Your intestines are likely littered with tiny plastic specks, a now-common condition for humans and many other animals around the planet. The pieces are minuscule, but as researchers report in a new study, they may pose an outsized danger to human health.
By testing how microplastics affect human intestinal organoids (small, self-organized tissue cultures that mimic real intestines), researchers found signs of potential inflammatory effects, including the release of cytokines linked to human inflammatory bowel disease (IBD).
This is significant, researchers explain, because while we know microplastics (along with even smaller nanoplastics) can accumulate in our intestines and other body tissues, we still know very little about how they affect our health.
That's partly because plastic particles have spread so thoroughly so quickly, swirling from obscurity to ubiquity within just a few human generations.
Formed as plastic products break down into smaller pieces over time, the particles can be incredibly durable and mobile, allowing them to end up seemingly anywhere on Earth.
Microplastics have pervaded environments and food webs worldwide, from cities and farms to oceans and ice sheets. We unwittingly eat, drink, and inhale them on a regular basis, with the average person now ingesting an estimated 74,000 tiny plastic particles every year.
"We know that particulate plastic is everywhere in the environment, and it has been found in human intestines and other tissues, like blood, and even in the brain and placenta," says study co-author Ying Chen, a Tufts University biomedical engineer.
Microplastics have become so widespread that scientists hoping to study their health effects in humans now struggle to find unaffected populations who can serve as control groups, the researchers note.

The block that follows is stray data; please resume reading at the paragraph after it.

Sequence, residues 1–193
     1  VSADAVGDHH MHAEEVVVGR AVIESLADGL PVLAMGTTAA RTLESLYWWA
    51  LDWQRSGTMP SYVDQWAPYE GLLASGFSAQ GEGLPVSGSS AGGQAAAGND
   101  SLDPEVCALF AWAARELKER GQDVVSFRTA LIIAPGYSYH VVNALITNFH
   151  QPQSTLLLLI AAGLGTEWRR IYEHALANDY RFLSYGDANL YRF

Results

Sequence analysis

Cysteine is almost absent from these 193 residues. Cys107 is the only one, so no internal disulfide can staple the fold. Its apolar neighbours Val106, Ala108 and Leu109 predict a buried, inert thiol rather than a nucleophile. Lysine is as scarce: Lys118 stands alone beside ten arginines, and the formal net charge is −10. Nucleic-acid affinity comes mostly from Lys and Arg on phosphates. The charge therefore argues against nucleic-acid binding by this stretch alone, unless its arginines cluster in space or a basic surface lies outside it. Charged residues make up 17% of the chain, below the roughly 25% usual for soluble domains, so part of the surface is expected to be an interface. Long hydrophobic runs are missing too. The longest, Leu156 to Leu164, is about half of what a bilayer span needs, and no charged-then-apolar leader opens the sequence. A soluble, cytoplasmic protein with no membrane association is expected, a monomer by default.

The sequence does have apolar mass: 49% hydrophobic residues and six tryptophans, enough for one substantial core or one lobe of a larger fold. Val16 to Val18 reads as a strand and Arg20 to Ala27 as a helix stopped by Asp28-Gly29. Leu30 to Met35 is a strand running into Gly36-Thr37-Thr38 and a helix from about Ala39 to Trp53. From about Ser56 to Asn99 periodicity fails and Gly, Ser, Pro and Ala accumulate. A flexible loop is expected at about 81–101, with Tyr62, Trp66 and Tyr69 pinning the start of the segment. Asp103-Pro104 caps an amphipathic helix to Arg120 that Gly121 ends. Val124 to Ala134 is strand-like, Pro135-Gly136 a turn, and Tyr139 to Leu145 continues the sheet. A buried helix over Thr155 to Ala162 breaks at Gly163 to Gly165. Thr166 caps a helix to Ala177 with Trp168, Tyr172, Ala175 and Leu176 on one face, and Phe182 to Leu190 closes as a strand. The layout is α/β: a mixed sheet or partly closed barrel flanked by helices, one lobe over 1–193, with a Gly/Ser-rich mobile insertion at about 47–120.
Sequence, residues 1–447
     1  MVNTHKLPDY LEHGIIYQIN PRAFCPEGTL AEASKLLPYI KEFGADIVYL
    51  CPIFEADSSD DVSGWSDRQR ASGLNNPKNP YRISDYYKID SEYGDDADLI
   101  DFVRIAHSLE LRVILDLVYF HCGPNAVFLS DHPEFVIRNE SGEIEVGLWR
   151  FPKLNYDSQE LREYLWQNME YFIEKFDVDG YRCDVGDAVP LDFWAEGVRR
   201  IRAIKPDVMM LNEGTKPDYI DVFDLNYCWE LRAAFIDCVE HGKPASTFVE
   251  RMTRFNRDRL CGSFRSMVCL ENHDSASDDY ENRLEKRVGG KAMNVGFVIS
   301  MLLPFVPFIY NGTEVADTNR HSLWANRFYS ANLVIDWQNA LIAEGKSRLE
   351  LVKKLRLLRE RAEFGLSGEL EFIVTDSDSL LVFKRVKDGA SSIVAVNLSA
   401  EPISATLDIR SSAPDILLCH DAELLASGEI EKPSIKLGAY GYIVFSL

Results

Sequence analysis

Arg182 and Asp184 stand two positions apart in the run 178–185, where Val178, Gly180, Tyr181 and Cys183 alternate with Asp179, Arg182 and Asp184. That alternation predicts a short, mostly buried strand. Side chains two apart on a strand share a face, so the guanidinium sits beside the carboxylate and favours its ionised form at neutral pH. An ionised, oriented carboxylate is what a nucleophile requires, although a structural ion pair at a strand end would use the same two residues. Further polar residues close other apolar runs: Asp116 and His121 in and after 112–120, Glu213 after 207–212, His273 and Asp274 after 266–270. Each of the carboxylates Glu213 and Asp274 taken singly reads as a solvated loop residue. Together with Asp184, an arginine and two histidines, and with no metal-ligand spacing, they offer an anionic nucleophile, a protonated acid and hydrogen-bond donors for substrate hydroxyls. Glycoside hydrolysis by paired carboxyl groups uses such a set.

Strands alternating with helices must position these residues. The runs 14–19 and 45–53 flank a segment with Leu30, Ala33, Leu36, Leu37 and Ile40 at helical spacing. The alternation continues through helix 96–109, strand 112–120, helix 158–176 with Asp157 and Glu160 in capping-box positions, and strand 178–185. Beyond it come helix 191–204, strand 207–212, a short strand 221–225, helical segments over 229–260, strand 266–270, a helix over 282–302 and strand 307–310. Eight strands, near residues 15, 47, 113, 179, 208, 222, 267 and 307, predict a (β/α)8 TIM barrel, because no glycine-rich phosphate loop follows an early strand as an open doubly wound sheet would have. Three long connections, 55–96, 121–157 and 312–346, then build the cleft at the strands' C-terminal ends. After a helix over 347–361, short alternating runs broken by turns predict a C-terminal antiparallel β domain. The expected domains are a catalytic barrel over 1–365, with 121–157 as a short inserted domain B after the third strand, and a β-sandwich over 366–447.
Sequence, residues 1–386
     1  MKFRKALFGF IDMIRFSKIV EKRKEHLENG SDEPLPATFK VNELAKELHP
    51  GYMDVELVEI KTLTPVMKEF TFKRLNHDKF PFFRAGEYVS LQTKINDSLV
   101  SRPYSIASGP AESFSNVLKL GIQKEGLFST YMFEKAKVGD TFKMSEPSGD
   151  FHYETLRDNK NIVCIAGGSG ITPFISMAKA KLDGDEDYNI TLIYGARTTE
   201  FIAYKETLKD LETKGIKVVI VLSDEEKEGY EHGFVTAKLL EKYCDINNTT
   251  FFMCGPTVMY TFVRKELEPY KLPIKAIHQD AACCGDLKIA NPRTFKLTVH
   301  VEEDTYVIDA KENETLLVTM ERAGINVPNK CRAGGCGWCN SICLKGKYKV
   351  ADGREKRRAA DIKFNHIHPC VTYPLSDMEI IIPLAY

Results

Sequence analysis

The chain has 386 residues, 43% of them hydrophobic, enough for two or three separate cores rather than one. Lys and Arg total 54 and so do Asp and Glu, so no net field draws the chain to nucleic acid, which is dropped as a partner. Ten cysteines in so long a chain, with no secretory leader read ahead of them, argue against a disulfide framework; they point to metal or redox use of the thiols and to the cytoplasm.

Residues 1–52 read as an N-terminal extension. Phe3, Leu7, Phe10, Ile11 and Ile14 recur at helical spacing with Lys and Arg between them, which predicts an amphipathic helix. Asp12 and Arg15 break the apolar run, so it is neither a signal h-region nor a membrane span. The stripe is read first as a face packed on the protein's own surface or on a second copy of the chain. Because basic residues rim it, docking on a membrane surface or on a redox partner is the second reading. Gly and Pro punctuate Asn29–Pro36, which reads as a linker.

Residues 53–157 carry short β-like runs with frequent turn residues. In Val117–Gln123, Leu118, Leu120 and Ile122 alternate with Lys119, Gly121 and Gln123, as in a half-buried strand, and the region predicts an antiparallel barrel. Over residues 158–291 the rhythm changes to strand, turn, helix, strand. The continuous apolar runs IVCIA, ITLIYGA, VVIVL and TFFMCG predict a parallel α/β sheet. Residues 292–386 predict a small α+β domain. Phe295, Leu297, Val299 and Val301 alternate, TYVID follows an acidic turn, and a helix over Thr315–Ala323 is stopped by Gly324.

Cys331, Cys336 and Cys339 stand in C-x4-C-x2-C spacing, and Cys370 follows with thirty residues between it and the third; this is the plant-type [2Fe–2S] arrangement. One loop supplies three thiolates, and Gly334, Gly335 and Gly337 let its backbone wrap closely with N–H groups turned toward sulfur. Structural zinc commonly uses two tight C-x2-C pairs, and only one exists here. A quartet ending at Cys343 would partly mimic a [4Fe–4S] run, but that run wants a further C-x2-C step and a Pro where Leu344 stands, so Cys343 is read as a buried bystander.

And while previous research has found a correlation between microplastics and IBD, evidence of causation remains elusive. Animal studies offer mixed results, showing a buildup of plastic particles in the intestines and other tissues, but no clear answer on toxicity or inflammation.
So Chen and her colleagues tried a different approach for the new study, using human intestinal organoids to help them learn what microplastics might do in a real human gut.
"The use of organoids allows us to study in detail the mechanisms of absorption and potential pathways to disease in a way that could help us make sense of the variable results in the literature up until now," Chen says, "and have a more direct tissue model for potential effects of plastic particles on humans."
The researchers created their model of a human gut by prompting stem cells (which were derived from other organoids) to differentiate into the various cell types that naturally occur in the walls of actual human intestines.
They wanted a ratio of cells similar to real intestinal walls, hoping to simulate the complex environment in which cells perform critical jobs like absorption, hormone production, mucus secretion, and inflammatory responses, among others.
"It's a significant step up from simpler cell models that often included only one or a few cell types, some of which were derived from cancer cells that might not demonstrate natural responses," Chen says.
The experiments showed different cell types absorbing different sizes of particles. The smallest nanoplastics were taken in by epithelial cells, which line the interior walls of the intestines, while microfold cells – which play a role in the gut's immune response – absorbed larger particles and sent them into the intestinal tissue.
The intestinal model only sustained damage when microfold cells were present and when there were higher concentrations of small plastic particles. According to the authors, the damage suggests microplastics could contribute to the formation of intestinal lesions.
The study found that higher levels of nanoplastics also triggered the organoid to release inflammatory cytokines. These proteins are part of a normal immune response but may also play a role in diseases like IBD when something disrupts their natural balance.
This, too, happened only in the presence of microfold cells, suggesting they may help mediate any potential harm from microplastics in the intestines.
More research is needed to flesh out these findings and to clarify how different types, sizes, and amounts of microplastics can affect our guts. Still, this study offers a potentially valuable model for demystifying the danger.
"The results in this study suggest that using human cell organoids could be an effective means to better understand the potential toxicity of microplastics and nanoplastics and environmental particles in general," says co-author David Kaplan, professor of engineering at Tufts University.
The study was published in Nanomedicine.